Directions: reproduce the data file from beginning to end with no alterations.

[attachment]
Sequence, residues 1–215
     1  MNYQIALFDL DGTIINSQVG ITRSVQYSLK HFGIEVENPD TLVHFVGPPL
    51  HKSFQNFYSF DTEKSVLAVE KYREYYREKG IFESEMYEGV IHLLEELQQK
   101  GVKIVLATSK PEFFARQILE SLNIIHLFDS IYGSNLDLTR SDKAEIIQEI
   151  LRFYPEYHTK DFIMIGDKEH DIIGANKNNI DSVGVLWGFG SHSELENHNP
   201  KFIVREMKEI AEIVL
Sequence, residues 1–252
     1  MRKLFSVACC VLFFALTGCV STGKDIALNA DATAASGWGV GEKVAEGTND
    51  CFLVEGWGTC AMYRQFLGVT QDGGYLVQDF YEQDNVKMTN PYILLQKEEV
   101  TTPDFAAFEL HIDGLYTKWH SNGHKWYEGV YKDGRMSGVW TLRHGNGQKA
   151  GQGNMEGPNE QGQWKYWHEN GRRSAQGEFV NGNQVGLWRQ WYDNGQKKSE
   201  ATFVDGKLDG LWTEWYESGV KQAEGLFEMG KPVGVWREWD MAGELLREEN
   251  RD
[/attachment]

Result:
Sequence, residues 1–215
     1  MNYQIALFDL DGTIINSQVG ITRSVQYSLK HFGIEVENPD TLVHFVGPPL
    51  HKSFQNFYSF DTEKSVLAVE KYREYYREKG IFESEMYEGV IHLLEELQQK
   101  GVKIVLATSK PEFFARQILE SLNIIHLFDS IYGSNLDLTR SDKAEIIQEI
   151  LRFYPEYHTK DFIMIGDKEH DIIGANKNNI DSVGVLWGFG SHSELENHNP
   201  KFIVREMKEI AEIVL
Sequence, residues 1–252
     1  MRKLFSVACC VLFFALTGCV STGKDIALNA DATAASGWGV GEKVAEGTND
    51  CFLVEGWGTC AMYRQFLGVT QDGGYLVQDF YEQDNVKMTN PYILLQKEEV
   101  TTPDFAAFEL HIDGLYTKWH SNGHKWYEGV YKDGRMSGVW TLRHGNGQKA
   151  GQGNMEGPNE QGQWKYWHEN GRRSAQGEFV NGNQVGLWRQ WYDNGQKKSE
   201  ATFVDGKLDG LWTEWYESGV KQAEGLFEMG KPVGVWREWD MAGELLREEN
   251  RD